Nations critique Filipino leader’s rights record at UN body

Nations critique Filipino leader's rights record at UN body

GENEVA — A Filipino senator briskly defended the human rights record of President Rodrigo Duterte’s government before a U.N. body on Monday, saying his government always “seeks to uphold the rule of law” while critical Western nations aired concerns about deadly vigilante justice and extrajudicial killings in the country.

Senator Alan Peter Cayetano came before the U.N.’s Human Rights Council equipped with a slide show and video excerpts of previous comments by Duterte about the Philippines’ fight against illegal drug trafficking, repeating claims that critics are smearing the Filipino government’s record and urging a distinction between “fake news” and real news.

“One: There is no state-sponsored killing in the Philippines. Two: There is no sudden wave of killings,” Cayetano said. “We are asking you — through the mechanisms of this honourable council — to interview our people, to go to our communities, to visit the Philippines and to see for yourself: The truth, the real numbers.”

“At all times, the Duterte government seeks to uphold the rule of law,” he added.

Cayetano was speaking Monday at a review of Philippines human rights record at the council, part of a process known as the Universal Periodic Review of all 193 U.N. member states. The Philippines currently has a seat on the 47-member council which also includes Britain, China, Cuba, Egypt, Germany, Saudi Arabia and the United States.

Last week, U.S. President Donald Trump set off an uproar in Washington by inviting Duterte to the White House, despite rights groups’ criticism of his anti-crime campaign. Human Rights Watch says it has left over 7,000 suspected drug dealers and users dead since Duterte took office in June; the Manila government contests that figure.

The two-week UPR session focuses of 14 countries including Britain, India and South Africa. Following Cayetano’s opening remarks, delegations had one minute to comment on the Philippines’ record and make recommendations. Such reviews are mostly used to spotlight alleged abuses and urge countries to honour their rights obligations.

Some countries praised the Philippines’ efforts: A Chinese delegate cited Cayetano’s “very convincing” remarks and challenges faced by China and other “developing countries” to fight the drugs trade. Several Western countries in particular raised concerns about violence against journalists, the prospects of a reinstated death penalty, and extrajudicial killings.

Deputy Permanent Representative Tanya Bennett of Australia said her country was “deeply concerned” about the reports of extrajudicial killings linked to the “so-called war on drugs, noting credible allegations of involvement by elements of the Philippine national police.”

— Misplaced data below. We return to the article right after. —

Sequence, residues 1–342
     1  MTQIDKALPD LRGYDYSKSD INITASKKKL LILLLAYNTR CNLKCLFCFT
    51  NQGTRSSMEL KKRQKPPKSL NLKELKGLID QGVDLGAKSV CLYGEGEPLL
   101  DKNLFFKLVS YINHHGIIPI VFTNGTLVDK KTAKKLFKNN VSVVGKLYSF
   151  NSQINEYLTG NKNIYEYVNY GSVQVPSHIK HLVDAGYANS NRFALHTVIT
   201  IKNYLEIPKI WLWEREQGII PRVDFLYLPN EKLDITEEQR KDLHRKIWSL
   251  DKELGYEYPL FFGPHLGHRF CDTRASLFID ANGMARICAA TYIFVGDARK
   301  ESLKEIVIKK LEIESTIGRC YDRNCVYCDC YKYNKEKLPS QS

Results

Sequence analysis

Germany’s envoy called for the Philippines to take “all necessary measures” to stop extrajudicial killings, and the Vatican said reports of enforced disappearances were “deeply troubling.”

Cayetano argued that critics altered the definition of extrajudicial killings in the Philippines from that used under previous governments, insisting: “Suddenly, ‘extrajudicial killing’ refers to any death outside those causes by natural causes, accidents, or those ordered by courts — and we do not have the death penalty, so none are ordered by courts.”

“Make no mistake … one death or any death or killing is one too much,” he added. “However, there is a deliberate attempt to include all homicides as ‘EJKs’ or killings related to the campaign against criminality and illegal drugs — and that these are state-sponsored, which is absolutely not true.”

He said more than 1.2 million drug pushers and users have surrendered “voluntarily” and are “being rehabilitated.”

Jamey Keaten, The Associated Press

Just Posted

Nearly $500,000 available for internships with First Nations government

Funds announced through partnership with Northern Development and Government of Canada

Kitimat registers biggest drop in property assessments

The residential property in the north with the highest value was $2.892 million

Former mayor Ray Brady passes away

“What I can say is that he was passionate about his beliefs and he would fight for them.”

CDC’s housing section looking for new home

CDC executive director says it has until Jan. 31 to move out.

Shames Mountain named one of the world’s Top 10 ski resorts

The UK magazine listed Shames alongside Whistler and hills in Italy, Japan and Austria

Solitary-confinement veto a chance to address mental health: advocate

B.C. Supreme Court made the landmark ruling Wednesday

Winter storm coming to B.C. this weekend

The bets are on as to how much snow the province will actually get in the coming days

B.C. civil rights group files complaint about RCMP arrest of man who later died

Dale Culver, a 35-year-old Indigenous man was arrested in Prince George last July

Lawyer says former B.C. government aide ‘barely guilty’ in ethnic vote scandal

Brian Bonney pleaded guilty to a breach of trust charge

Quite a few tears as homemade quilts distributed to residents of Ashcroft Reserve, Boston Flats affected by last summer’s fire

Quilters in B.C. and Alberta worked through the summer and fall to create more than 100 quilts.

Island Health: No need for alarm in wake of Victoria needle-prick incidents

Three incidents in a week prompts meeting between health authority, city service providers

B.C. coast loggers celebrate history, hope for improvement

Truck Loggers Association awaits B.C. NDP government’s new direction

Global Affairs aware of report of two Canadians kidnapped in Nigeria

The foreigners were heading south from Kafanchan to Abuja when they were ambushed around Kagarko

Whistler role in potential Calgary Olympic bid would be welcome: IOC

Calgary is mulling whether to vie for the 2026 Games, and could look to facilities in B.C.

Most Read